All of this is to say that one shouldn’t watch Locke & Key expecting to see a shot for shot remake of the comics, though the series is absolutely littered with gorgeous scenes that were plucked right from the imagery of the books, and almost all of the cast members bring something to their performances that makes these characters feel like fresh takes on their comics counterparts.
Aside from many of the show’s dreamy, technicolor set pieces (like the space inside Kinsey’s head), one of the main reasons Locke & Key can sometimes trick you into believing that it might be a show for younger audiences is because of how Jackson Robert Scott really steps up to the plate with his portrayal of Bode. Because younger people in general have an easier time recognizing the Keyhouse’s magic, Bode’s the first to catch onto the strangeness of his new house, and Scott expertly manifests the dueling senses wonder and horror Bode understandably experiences as he learns that the keys aren’t all fun and games.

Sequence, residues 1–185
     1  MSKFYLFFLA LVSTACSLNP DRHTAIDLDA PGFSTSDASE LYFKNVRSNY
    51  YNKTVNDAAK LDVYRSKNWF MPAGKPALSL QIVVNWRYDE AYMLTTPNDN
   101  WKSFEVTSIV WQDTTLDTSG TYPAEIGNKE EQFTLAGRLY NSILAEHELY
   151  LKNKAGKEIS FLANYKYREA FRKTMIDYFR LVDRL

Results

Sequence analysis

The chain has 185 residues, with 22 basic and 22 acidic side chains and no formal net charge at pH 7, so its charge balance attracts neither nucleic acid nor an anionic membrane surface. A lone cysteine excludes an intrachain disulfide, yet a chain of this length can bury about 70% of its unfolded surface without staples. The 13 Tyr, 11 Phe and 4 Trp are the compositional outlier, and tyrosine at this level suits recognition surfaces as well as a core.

Netflix’s Locke & Key is a distillation of the comics’ core essence that’s been reimagined into what, on the whole, feels like a well-polished pitch for future seasons that would potentially delve into more granular details that diehard fans might have been expecting to see upfront. This Locke & Key’s Tyler and Kinsey are meant to be teens living in 2020, which the show telegraphs by thrusting the kids into social situations that feel as if they could have been plucked from relatively tamer episodes of Riverdale or The Chilling Adventures of Sabrina. Connor Jessup’s Tyler doesn’t grapple with suicide ideation the way the character does in the comics, and Emilia Jones’ Kinsey has a somewhat more difficult time becoming a social creature at her new school than she originally did, but those character changes aren’t so drastic that these Lockes feel entirely unfamiliar.